who volunteered to fight against Franco in the Civil War. The
historical-memory bill proposes giving them Spanish nationality.

Renewed debate in Spain over the Spanish Civil War is playing out in
death notices, editorials, cartoons, and a slew of new books,
including 'The Great Payback' (bottom left).

"The law above all aims at providing moral relief to the victims of
both sides of the conflict," says Diego Lopez Garrido, a top
Socialist Party official who organizes the legislative agenda.

The bill and the broader issues surrounding the Civil War have come
to dominate many corners of contemporary political debate. Recently,
on a prime-time TV show, Mr. Zapatero's top spokesman and a senior
official from the Popular Party angrily debated government policies
from 70 years ago.

As ordinary Spaniards are being drawn into the battle, death notices,
also known as "esquelas," have become the weapon of choice.

In late October, for instance, a newspaper notice honored the victims
of the "Spanish Holocaust," when about 5,000 people were dragged out
of makeshift prisons by anti-Franco Republican militias in November
and early December 1936, then gunned down by machine guns, and thrown
into mass graves.

Araceli Ezquerro's grandfather, Tomás García-Noblejas Quevedo, was
shoved into the back of the last truck that trundled out of Porlier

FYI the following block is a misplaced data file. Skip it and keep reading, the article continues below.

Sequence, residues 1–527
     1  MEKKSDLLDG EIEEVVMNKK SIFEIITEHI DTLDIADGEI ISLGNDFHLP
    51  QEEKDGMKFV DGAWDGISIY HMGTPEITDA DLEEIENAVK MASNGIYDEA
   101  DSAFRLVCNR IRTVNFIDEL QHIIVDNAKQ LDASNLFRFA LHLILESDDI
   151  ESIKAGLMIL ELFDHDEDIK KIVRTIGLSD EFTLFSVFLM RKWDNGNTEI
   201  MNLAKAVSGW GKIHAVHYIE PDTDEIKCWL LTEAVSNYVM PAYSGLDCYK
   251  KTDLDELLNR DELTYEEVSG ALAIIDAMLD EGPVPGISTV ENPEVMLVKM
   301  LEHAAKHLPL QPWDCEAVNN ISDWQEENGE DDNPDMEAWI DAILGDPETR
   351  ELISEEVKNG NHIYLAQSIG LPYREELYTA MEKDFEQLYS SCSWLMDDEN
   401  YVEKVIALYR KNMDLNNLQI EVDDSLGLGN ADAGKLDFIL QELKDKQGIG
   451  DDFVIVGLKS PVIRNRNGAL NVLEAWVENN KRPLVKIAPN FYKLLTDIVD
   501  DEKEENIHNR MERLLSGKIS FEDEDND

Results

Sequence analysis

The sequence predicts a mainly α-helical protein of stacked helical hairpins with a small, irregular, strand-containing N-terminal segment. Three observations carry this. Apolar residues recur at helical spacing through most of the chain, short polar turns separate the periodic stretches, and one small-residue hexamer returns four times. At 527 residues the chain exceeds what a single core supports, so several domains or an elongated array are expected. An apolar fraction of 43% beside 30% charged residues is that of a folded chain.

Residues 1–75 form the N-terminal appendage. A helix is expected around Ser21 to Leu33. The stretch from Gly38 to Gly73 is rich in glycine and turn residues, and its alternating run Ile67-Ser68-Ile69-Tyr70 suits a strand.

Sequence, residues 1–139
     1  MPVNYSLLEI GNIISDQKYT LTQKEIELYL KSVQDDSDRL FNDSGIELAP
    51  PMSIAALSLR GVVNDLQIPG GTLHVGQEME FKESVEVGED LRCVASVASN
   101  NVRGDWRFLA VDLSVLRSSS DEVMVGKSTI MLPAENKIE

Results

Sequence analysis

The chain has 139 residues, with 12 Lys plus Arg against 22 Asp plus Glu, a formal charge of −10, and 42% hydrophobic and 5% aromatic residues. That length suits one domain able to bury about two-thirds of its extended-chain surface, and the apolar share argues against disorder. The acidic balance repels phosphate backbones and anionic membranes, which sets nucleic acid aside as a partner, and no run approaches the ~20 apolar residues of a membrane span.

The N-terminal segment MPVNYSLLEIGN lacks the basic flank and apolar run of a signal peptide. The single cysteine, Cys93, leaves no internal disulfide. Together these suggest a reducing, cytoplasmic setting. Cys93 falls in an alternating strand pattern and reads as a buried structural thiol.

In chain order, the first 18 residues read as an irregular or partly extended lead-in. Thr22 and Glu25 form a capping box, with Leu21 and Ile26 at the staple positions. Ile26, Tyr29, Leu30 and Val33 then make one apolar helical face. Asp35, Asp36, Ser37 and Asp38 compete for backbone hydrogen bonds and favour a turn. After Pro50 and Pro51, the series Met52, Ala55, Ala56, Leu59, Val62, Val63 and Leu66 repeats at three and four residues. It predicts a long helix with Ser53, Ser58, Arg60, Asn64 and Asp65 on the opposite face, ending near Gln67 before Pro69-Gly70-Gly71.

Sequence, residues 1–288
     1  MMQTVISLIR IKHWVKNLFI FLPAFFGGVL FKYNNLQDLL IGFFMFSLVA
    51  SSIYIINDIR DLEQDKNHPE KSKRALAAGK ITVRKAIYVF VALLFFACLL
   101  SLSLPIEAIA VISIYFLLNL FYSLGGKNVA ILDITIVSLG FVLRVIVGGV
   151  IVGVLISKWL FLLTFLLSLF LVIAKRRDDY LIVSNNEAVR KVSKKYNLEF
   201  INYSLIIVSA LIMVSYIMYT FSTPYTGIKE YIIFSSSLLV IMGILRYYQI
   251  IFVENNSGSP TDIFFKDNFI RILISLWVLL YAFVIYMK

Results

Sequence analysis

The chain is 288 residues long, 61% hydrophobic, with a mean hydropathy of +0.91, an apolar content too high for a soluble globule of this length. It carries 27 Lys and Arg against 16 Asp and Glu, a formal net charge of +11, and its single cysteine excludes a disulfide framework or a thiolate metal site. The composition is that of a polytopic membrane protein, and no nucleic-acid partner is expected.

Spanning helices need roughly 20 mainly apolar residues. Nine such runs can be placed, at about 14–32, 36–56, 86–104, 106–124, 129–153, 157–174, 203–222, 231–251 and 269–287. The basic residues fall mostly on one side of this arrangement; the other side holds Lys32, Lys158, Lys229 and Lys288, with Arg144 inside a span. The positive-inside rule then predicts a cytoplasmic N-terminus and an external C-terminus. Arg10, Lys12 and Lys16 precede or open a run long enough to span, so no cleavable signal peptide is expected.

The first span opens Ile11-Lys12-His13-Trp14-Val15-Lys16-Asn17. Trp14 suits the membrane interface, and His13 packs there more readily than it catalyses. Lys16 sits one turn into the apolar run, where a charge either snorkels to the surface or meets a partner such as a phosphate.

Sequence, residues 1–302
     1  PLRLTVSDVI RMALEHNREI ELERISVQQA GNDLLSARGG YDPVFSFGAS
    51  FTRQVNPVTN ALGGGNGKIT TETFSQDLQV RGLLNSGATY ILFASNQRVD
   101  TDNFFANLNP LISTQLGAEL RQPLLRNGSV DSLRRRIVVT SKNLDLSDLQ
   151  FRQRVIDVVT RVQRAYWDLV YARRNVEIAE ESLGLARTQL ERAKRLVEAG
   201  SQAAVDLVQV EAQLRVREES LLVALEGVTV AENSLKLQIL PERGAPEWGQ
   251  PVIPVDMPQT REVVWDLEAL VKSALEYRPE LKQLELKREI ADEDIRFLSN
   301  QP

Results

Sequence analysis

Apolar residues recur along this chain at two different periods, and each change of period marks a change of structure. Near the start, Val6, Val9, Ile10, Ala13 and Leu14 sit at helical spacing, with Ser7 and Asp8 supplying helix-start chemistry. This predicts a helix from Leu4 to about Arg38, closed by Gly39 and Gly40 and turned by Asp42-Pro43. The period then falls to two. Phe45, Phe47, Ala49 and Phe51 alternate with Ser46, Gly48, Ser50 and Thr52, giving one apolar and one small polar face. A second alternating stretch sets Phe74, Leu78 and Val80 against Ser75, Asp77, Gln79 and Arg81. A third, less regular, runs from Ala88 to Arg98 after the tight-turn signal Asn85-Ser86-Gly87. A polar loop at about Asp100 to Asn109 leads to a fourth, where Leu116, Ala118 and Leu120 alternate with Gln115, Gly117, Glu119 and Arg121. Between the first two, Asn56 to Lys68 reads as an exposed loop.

prison, located in the middle of Madrid's swankiest neighborhood,
before dawn on Dec. 4, 1936. An industrial engineer running the
family business, Mr. García-Noblejas hadn't taken part in the
military uprising that summer and he'd fought in no street battles.
But he was a member of a Catholic association, and wore a cross
around his neck. His bullet-ridden body was dumped into a mass grave
near the main runway of the Madrid airport. Passengers taking off can
still see the huge white cross laid into the hillside commemorating
the killings.

On Dec. 4, Ms. Ezquerro plans to publish her esquela in the
newspaper. Most of the grandchildren have pitched in to cover the
roughly $660 cost. The death notice will mention that Mr.
García-Noblejas was "assassinated by the Marxist hordes run by the
socialist-communist government of the II Spanish Republic."

"I never would have even thought about doing this if Zapatero hadn't
started with his own grandfather," says Ms. Ezquerro, who gives her
age as "sixtyish." "We just want to let him know we had a
grandfather, too."